If you are aging and/or low-income, several health coverage programs may be available to you. Medicare, Medicaid, and the Affordable Care Act (ACA) are some of the most well-known programs, but there are others. This comprehensive guide will discuss these health insurance programs in detail and help you figure out which one is right for you!
What is Health Insurance?
This is a type of coverage that covers the medical and surgical expenses of the insured. It reimburses the insured for expenses incurred from illness or injury or pays the care provider directly. It can be purchased as an individual or group plan.
Medicaid insurance for your healthcare is provided by the U.S. government and by various state governments around the country. This program provides health insurance for low-income individuals. This free health insurance is available to many low-income citizens. Although it is a federal program, whether or not you qualify will be determined by your state guidelines.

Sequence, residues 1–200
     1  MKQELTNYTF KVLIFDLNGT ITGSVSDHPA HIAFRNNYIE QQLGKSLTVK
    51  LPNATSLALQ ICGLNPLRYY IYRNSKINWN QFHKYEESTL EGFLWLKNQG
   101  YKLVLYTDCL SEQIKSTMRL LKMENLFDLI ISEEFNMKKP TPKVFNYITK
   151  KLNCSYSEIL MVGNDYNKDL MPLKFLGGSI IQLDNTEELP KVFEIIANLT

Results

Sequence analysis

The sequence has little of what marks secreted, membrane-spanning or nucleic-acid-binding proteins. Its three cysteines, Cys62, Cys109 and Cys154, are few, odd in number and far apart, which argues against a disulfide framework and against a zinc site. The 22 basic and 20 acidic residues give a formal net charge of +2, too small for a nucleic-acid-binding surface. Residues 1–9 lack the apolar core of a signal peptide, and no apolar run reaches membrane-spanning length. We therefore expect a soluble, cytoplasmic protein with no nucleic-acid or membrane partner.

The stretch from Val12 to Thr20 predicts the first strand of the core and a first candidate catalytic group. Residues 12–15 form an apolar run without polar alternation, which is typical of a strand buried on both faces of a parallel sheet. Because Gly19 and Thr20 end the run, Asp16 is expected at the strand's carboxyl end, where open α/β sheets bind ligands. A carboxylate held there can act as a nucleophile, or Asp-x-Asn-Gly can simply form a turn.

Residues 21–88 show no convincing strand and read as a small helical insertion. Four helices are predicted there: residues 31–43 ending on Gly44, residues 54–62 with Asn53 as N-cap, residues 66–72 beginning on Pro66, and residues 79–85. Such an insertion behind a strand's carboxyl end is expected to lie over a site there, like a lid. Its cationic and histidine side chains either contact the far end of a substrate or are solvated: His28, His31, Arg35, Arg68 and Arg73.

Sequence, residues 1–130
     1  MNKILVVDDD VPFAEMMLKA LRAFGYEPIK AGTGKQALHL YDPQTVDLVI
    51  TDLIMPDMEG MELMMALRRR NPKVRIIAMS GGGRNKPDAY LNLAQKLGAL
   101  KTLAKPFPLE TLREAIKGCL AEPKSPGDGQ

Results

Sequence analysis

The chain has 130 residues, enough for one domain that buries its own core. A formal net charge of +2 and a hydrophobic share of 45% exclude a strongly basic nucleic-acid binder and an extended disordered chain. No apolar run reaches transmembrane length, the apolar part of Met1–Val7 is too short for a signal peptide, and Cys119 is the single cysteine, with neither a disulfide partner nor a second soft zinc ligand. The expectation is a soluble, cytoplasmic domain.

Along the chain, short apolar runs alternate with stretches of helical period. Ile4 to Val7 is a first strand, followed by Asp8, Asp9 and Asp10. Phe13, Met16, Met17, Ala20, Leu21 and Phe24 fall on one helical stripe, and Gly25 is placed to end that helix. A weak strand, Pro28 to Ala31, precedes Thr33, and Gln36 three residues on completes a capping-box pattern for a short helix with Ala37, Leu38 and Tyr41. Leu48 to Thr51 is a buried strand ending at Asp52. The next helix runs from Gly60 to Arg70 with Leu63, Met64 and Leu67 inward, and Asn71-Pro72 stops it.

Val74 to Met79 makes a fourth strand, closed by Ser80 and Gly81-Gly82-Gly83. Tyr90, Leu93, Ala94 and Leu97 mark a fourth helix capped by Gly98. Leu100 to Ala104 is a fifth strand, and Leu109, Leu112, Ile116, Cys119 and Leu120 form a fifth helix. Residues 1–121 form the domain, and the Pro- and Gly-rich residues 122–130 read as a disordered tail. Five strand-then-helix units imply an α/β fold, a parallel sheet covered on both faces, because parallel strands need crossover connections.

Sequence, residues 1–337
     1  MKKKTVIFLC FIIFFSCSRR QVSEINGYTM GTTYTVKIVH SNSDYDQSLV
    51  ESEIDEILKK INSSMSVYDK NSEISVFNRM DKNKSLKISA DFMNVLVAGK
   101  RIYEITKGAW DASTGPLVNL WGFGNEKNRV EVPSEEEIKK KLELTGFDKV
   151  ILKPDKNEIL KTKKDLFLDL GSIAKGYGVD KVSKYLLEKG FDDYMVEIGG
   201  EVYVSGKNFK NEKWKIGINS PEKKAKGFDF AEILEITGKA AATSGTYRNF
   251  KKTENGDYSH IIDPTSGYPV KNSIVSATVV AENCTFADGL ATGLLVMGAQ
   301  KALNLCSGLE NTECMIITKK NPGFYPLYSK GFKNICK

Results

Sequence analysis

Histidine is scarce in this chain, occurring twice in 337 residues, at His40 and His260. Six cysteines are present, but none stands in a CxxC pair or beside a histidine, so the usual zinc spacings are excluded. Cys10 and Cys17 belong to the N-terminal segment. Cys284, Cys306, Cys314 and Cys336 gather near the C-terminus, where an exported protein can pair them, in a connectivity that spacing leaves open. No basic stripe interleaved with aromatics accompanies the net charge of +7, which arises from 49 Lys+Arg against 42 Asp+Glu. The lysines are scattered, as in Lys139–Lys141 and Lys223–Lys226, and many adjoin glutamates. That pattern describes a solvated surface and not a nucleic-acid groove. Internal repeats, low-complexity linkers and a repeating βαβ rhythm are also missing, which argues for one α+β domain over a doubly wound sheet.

Medicaid is a no cost health insurance program designed to help children, senior citizens and people who have a physical handicap. This state sponsored medical insurance is also available to low-income individuals who are in need of health insurance. As a result, these individuals can receive health insurance benefits if they qualify for this type of assistance.
Best Health Insurance Plans for Retirees and Seniors
Retirees and seniors can choose from a variety of health coverage policies. Your needs and finances will determine your ideal health coverage plan. Four types of health coverage plans are provided to the elderly and/or low-income persons, including Medicaid, Medicare, CHIP, and COBRA.
Medicaid is a government-subsidized healthcare program for low-income adults, children, pregnant women, and persons with disabilities. It is funded jointly by the federal government and the states.
Federal Poverty Level thresholds to qualify for Medicaid